Tuesday, March 22, 2011

Stock Market Investing and Inflation

Investing in the stock market is not a good hedge against inflation.  If you look at the 1970's, the stock market did not do well, while price inflation was in double digits.  An inflationary environment will hurt profits for many companies.  Inflation (monetary or price) will not necessarily translate into an increase in the stock market in the short-term, even nominally.

In addition, even if stocks did go up with inflation in the short-term, it is still not a good hedge against inflation.  For something to be a good hedge, you want it to overcompensate.  A good hedge against inflation would go up at a greater rate than the inflation rate.  This is why gold is a good inflation hedge.  It will go up in dollar terms faster than the actual inflation rate, during a high inflationary time.  A good hedge should help compensate for the losses in other investments in your portfolio.

In the very long-term, stocks actually are somewhat of an inflation hedge.  At the very least, stocks will tend to keep up with inflation.  In fact, I would argue that the stock market would go up very little, if at all, if there were no monetary inflation.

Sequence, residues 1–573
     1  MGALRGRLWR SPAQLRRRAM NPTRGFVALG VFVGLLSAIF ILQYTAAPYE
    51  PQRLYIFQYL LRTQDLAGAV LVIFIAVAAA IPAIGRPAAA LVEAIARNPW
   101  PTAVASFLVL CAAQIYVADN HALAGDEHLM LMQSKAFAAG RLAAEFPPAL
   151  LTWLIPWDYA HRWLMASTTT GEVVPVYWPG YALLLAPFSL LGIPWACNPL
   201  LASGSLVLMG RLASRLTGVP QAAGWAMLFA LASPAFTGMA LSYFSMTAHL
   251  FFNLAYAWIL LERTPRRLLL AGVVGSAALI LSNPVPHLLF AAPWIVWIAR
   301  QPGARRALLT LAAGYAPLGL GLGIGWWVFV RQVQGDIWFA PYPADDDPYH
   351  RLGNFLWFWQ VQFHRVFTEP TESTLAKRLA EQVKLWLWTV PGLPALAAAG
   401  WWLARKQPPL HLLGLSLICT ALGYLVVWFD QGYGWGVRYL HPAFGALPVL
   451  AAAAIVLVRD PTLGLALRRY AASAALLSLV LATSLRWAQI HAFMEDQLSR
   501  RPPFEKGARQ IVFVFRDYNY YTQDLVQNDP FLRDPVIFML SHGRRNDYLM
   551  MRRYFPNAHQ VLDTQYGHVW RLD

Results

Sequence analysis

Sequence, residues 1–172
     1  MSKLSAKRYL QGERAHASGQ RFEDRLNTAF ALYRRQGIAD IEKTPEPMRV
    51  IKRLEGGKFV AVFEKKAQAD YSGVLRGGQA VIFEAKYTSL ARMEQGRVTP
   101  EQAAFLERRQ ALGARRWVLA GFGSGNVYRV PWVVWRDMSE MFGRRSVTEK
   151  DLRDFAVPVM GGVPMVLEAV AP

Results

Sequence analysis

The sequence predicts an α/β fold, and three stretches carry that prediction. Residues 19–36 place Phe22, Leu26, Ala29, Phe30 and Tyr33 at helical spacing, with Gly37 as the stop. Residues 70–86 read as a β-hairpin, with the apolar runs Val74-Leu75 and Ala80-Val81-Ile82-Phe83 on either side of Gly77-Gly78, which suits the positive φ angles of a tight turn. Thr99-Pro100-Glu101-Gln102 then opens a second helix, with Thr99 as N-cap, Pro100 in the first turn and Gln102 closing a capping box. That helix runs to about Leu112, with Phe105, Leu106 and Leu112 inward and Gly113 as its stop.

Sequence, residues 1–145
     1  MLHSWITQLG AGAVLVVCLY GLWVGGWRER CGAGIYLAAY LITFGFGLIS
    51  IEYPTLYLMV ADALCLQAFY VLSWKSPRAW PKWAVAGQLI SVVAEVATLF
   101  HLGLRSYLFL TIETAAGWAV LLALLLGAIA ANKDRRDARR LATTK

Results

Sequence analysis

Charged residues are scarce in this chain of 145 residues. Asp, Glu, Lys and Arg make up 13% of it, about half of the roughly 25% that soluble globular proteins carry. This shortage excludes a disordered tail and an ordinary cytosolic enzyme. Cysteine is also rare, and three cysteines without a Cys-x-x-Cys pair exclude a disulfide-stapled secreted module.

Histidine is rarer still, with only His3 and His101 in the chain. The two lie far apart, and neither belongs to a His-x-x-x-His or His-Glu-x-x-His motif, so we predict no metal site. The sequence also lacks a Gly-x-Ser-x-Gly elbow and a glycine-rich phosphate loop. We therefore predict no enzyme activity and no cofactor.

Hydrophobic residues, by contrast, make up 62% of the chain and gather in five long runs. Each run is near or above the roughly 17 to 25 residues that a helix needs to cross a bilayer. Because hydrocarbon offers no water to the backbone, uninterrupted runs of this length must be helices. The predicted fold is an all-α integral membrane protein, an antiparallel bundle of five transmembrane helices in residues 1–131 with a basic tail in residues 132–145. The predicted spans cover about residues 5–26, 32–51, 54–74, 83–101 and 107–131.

If the money supply remained constant over a long period of time, why would the broad stock market go up in any significant way?  Some individual stocks would go up as others went down, but generally, the overall market would not go up.  If it did, where would the money come from?  This is a hard concept for most people to grasp because we are so accustomed to living in a world of fiat money and inflation.

So what would be the point of investing in the stock market if it didn't go up?  Well, stocks would pay dividends.  This is really supposed to be the point of stock investing anyway.  In addition, in a free market environment, due to increases in capital, technology, and production, things would actually get cheaper.  So even though your stocks might not be going up in nominal terms, the value of your money would be increasing as you could buy more goods and services with it.

The whole stock market system is highly distorted because we don't have a truly free market.  Monetary inflation, regulations, and taxes all distort how the stock market functions.  It discourages dividends and encourages capital gains.  It also makes investing very difficult.  This is just another reason that we need a free market in money.

4 comments:

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